Kook, Routinely is a bit of an overstatement. Softer and shorter skis lack the longitudinal stiffness of the old 204 skis like Schmitt was wearing. A more centered (less levered) stance and wider and two footed stance came about for a couple reasons. First is the Usable RoM and the tail carve of yesteryear produced a lot of blown knees when the tails of these short skis didn't release. FIS responded with limits on length and shape (sidecut), and courses were set a bit differently. After all racer safety was a big concern. A second response was the wider and two footed style which is more prevelent nowdays, mostly because it offered a way to gain back some of the stability lost on the shorter and longitudinally softer skis. A role performed by blocking pole plants back in the day. Which is something that is far less prevelent nowdays as well. Somewhere in my archives I have a USSA coaches clinic from 2001 where this advice was offered specifically for this reason. All of these are departures from the style being used prior to the switch to shorter skis.
What we see today includes a bit of a step at times but that is different from how we all skied years ago. Back then, the White Pass Turn raised eyebrows since the edge change was done on the downhill ski and the outside ski was held off the snow until we approached the fall line. It's not like the one footed skiing drills didn't exist, it's just that the acrobatic WPT being used in a World Cup race was seen as unconventional. I doubt that would be the case nowdays. If anything raising the inside ski and keeping off the snow through our turns, or even at the WC level would be unique and somewhat unconventional. Perhaps the flexing of the hip and knee and how it drives the shin and foot forward gets mistaken for actually lifting and keeping the inside foot off the snow through our turns. Standing while facing across the hill one leg is going to be shorter than the other. Same thing happens when we are inclined in a turn. That should not be construed to mean the inside ski stays off the snow, or the momentary step is more than a momentary thing. I think if you review the videos you offered we would see both skis on the snow and working at the beginning of the strong shaping phase. A departure from holding it off the snow and letting it come along for the ride.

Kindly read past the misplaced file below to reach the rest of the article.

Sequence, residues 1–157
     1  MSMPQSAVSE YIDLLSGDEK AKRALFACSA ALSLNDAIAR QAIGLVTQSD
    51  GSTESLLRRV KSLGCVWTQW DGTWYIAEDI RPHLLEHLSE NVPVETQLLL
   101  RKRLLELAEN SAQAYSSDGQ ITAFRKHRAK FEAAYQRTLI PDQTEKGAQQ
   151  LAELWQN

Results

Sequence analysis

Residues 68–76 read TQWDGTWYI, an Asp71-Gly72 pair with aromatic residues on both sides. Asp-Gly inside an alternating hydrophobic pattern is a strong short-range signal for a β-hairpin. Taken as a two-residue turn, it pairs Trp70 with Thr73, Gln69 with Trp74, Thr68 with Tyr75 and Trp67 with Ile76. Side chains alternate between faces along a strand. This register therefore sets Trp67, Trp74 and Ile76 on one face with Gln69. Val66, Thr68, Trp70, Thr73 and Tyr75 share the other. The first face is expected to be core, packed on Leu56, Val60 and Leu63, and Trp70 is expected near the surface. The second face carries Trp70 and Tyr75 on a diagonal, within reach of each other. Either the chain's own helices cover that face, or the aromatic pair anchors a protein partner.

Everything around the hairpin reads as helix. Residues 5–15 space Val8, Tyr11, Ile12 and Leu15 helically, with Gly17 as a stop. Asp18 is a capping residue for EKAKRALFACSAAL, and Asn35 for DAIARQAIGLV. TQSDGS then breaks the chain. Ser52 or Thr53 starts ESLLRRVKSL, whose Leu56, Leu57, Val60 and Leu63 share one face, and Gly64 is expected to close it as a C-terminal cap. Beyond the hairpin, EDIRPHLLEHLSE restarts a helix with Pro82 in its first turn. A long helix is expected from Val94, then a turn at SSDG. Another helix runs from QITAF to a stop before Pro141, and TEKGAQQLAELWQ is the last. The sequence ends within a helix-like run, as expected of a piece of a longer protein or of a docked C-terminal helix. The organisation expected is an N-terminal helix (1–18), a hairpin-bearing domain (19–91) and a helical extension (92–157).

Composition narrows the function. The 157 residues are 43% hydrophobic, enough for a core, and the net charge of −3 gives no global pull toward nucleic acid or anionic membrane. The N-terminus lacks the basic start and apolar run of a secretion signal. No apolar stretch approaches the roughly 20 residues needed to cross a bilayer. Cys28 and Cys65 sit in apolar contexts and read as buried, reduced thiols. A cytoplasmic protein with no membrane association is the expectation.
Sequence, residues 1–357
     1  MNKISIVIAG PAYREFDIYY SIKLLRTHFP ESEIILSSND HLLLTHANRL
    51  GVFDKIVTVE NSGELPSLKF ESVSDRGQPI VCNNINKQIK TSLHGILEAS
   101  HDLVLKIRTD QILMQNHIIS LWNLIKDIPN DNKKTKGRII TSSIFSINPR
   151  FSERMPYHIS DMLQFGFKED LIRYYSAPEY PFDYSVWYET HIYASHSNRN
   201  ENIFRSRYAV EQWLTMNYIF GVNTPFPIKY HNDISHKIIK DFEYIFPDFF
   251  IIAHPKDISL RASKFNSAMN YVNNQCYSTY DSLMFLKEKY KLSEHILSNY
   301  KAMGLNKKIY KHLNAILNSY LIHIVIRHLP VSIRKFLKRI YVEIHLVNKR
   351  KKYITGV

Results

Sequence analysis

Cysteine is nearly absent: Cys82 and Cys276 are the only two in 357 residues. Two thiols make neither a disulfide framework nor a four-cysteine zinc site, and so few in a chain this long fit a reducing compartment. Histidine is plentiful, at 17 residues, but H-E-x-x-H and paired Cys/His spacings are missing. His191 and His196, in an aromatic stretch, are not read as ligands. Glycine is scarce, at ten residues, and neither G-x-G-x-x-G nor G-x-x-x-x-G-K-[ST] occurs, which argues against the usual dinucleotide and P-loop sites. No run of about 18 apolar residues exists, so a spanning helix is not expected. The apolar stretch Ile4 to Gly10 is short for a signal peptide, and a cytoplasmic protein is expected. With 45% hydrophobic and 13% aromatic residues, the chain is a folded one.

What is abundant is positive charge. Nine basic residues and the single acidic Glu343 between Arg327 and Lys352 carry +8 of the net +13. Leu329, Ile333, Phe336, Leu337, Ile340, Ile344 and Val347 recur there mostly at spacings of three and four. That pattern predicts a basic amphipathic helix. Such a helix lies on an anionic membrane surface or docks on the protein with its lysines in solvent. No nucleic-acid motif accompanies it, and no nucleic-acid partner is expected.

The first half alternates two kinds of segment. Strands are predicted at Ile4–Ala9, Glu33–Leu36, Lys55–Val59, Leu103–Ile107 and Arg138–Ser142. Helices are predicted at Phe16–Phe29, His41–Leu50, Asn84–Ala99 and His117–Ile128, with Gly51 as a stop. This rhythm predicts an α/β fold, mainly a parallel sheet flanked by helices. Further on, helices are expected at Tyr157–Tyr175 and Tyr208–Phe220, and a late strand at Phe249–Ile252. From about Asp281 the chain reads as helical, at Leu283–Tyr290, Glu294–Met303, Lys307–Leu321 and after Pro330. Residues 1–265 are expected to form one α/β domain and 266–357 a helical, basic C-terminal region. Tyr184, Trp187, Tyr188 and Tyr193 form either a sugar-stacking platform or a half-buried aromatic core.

At a more recreational level, PSIA and many other teaching organizations from around the world teach a much more two footed stance than we did back in the day. We also avoid teaching tail carving because of the inherent risks to the skier's knee. Having lived through all of this and updating how I ski and train instructors, I would offer that as part of the proof that evolution is occuring in our sport and it will continue in the future. The skis will play a big role in that. If that wasn't the case we would all still be doing Arlburg turns. You may, or may not know how to do those turns but the point is we don't ski that way even though a lot of world champions skied that way.